Who's hot to watch in 2000?
by John Chorlton and Julie Gengo, Winter X Games snowboarding researchers
November 1999 The Industry
The numbers are in -- snowboarding is charging into the new millennium with increased product sales in boards and boots, and more people riding than ever before. The total number of snowboarding participants climbed to over five million, and snowboarders now account for nearly 25 percent of all resort visits. Snowboarding is enjoying the diversification of its participants with minority numbers on the upswing and women's participation predicted to climb as well. Snowboarders are spending more time and money on the slopes than in previous years. According to TransWorld Snowboarding Business, snowboarding "growth in overall participation, resort visits, and shop sales are solid indicators of good things happening across the country." Statistics from the national Sporting Goods Association (NSGA) and American Sports Data (ASD) report both confirm the upward momentum of the sport. The NSGA report showed snowboarding participation for the 1998-1999 season up 29.1 percent from the prior season. The ASD report noted a 28.6 percent gain in the same time frame. The biggest news in the snowboard manufacturing industry is consolidation. K2 has purchased both Morrow and Ride snowboards, bringing their total number of board brands to five. Burton and K2 now control 65 percent of the U.S. snowboarding hardgoods market. Now athletes and the rest of the industry wait to see what will become of the consolidated brands. The equipment that is being manufactured today is lighter, stronger, and more durable than equipment from the past. With better materials and design elements, camber is lasting longer, edges hold better, and bases are faster than ever. Step-in bindings are still coming into their own; the 1999-2000 season brings new ease into the binding and boot interface realm. High back step-in systems are the latest technology advance. Past Snowboarding winners
Snowboarding culture is continuing to gain exposure world-wide through outlets such as the Winter X Games, MTV, television commercials, magazine articles in non-snowboarding publications, and advertisements for everything from beverages to underwear to SUV's. The culture is rooted in the mountains and resorts where the athletes that live, breathe, eat, and sleep snowboarding push the sport to new heights, literally. Parks and pipes are popping up from coast to coast, creating breeding grounds for innovators to hone their skills. An increase in contest venues for halfpipe, big air, and boardercross has brought more competitors to the field, further pushing the progression of the sport. Athletes now have more consistent training facilities because of technological advances in pipe and park maintenance, as well as full-time resort boardercross courses. In the 1998-99 season, Colorado, Utah, New England, and the Midwest experienced unusually dry conditions for the second straight winter. The Northwest, however, set snowfall records (Mt. Baker, WA) and gave the summer camps plenty of snow to manipulate for the summertime kickers and pipes. Many of today's pros and contenders seek out the summertime sessions on glaciers to progress their skills and stay immersed in snowboarding year round. If following winter to the Southern Hemisphere doesn't satiate a riders desire for summertime riding, a stay at one of the glacier camps might do it. New at WX 2000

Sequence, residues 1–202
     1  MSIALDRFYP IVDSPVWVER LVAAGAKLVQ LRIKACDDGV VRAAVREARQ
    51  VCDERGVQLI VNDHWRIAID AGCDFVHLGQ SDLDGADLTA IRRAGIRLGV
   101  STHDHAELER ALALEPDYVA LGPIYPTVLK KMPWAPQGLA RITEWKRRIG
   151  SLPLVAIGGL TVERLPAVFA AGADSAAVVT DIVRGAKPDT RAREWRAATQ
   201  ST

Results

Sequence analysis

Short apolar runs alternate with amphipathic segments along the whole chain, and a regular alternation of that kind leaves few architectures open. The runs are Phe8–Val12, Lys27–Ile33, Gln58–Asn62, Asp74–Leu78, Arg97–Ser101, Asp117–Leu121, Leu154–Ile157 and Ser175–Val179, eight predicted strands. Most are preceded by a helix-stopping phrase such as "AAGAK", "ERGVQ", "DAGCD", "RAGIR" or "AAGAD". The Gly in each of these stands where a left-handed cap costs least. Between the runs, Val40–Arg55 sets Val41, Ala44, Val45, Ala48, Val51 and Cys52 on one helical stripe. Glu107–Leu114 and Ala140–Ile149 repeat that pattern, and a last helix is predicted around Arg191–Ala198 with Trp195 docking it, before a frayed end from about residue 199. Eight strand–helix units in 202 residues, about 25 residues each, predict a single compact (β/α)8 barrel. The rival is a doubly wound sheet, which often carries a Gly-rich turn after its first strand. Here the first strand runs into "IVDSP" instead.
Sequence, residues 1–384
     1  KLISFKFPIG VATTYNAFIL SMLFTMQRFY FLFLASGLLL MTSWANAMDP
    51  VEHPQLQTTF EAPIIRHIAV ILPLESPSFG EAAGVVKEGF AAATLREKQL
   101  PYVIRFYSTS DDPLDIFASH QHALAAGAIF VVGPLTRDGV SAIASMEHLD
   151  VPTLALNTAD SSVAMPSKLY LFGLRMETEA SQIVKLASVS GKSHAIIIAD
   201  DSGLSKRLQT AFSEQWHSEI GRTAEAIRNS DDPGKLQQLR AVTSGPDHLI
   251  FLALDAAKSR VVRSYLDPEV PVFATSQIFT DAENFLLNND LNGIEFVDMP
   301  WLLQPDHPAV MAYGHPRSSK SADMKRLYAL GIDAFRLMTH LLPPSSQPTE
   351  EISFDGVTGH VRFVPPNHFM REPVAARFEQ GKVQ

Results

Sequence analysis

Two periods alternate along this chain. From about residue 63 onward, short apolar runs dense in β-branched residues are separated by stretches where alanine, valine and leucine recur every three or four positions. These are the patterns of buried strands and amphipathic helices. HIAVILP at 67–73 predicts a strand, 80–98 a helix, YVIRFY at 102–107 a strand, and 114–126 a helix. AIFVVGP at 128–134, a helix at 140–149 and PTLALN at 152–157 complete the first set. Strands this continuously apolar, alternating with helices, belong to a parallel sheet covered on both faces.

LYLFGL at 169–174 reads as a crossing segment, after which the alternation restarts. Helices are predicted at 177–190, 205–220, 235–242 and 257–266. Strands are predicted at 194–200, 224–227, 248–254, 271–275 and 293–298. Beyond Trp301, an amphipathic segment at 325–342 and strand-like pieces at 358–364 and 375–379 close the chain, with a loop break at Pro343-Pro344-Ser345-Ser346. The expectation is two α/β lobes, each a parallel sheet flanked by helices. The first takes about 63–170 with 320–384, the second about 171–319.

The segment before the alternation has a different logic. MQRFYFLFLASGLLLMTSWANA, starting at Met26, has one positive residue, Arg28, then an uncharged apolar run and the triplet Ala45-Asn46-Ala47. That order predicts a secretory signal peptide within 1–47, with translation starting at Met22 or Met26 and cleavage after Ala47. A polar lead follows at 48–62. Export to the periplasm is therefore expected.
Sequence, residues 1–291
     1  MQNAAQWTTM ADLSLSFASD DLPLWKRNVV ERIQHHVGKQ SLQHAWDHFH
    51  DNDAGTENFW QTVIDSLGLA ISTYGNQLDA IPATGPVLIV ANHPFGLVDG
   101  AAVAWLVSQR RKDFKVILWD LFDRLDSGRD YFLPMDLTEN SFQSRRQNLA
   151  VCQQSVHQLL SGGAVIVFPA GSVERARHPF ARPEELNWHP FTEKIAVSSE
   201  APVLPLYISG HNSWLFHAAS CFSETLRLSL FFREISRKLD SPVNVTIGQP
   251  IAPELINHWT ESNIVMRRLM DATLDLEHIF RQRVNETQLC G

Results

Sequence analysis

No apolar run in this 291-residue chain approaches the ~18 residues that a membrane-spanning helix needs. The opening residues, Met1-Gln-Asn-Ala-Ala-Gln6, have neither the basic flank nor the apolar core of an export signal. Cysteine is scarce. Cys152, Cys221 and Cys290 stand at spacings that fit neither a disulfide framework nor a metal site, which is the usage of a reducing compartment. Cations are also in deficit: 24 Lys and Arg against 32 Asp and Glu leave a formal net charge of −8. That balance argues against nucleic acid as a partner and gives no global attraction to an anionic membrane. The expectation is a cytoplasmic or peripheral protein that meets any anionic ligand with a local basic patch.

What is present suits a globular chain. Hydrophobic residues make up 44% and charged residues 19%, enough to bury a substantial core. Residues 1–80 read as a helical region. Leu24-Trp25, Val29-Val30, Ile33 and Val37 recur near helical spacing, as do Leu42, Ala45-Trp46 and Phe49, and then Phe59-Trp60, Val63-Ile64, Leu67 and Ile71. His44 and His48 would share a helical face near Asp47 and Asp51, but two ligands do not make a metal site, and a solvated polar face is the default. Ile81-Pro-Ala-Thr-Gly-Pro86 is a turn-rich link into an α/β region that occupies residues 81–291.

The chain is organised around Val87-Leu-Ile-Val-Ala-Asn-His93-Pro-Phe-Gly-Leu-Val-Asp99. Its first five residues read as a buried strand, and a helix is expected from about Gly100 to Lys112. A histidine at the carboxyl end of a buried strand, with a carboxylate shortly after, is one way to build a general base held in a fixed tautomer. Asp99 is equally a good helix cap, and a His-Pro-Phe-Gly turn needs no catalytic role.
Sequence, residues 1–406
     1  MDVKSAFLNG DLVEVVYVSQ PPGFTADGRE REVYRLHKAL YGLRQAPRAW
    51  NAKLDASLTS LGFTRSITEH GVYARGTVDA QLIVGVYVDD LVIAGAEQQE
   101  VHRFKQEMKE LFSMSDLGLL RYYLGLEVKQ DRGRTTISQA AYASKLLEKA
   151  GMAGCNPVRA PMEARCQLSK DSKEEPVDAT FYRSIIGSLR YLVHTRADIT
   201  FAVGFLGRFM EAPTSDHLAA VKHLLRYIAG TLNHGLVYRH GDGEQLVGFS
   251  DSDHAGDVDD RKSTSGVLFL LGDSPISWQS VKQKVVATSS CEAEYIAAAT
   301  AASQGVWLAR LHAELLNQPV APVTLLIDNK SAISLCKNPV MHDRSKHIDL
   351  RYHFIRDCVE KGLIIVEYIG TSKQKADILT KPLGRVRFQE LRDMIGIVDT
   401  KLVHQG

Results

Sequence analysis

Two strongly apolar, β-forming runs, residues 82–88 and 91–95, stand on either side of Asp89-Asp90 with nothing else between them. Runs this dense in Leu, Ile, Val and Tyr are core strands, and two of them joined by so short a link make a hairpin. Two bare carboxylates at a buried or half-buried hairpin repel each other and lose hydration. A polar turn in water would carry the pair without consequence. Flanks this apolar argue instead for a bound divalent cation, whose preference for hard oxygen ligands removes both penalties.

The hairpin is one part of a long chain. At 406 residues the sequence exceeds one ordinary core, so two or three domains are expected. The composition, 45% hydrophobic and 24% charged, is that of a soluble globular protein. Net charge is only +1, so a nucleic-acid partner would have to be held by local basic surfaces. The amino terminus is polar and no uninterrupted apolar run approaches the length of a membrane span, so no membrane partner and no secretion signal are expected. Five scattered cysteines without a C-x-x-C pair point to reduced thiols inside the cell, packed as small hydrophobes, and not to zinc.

The 2000 Winter X Games will mix snowboarders and skiers together in a new racing discipline called UltraCross. This new format will pair the top 16 skiers with and snowboarders in a relay-style race on the Skier X course. The teams will be chosen at random the night before the event at a draw party. UltraCross will be an insane race of skills, guts, and unity. It will also serve to dispel the tiresome hype of the mythical skier/snowboarder rift. Boarders and skiers have been ripping together since the beginning. In its third year running, Red Bull and Global Event Management (our WX sport organizer) have brought UltraCross competitors a worthy prize purse and television exposure on ESPN and espn2. Since its birth in Tahoe, CA, UltraCross has been growing in popularity with competitors and spectators alike. This innovative new sport will bring an exciting twist to WX 2000. ISF Sanctioning
The Winter X Games will be sanctioned by the ISF (International Snowboarding Federation) - one of two major governing bodies for snowboarding. The other is FIS (Federation Internationale de Ski, the Olympic governing body). That means that riders will now be able to accrue ISF rankings points at Winter X. In 1999, the European Championships were held on the same dates as the Winter X Games so there was a noticeable lack of Euros in Crested Butte. The 2000 WX will not conflict with any ISF sanctioned event. Snowboarder X (formerly called Boarder X)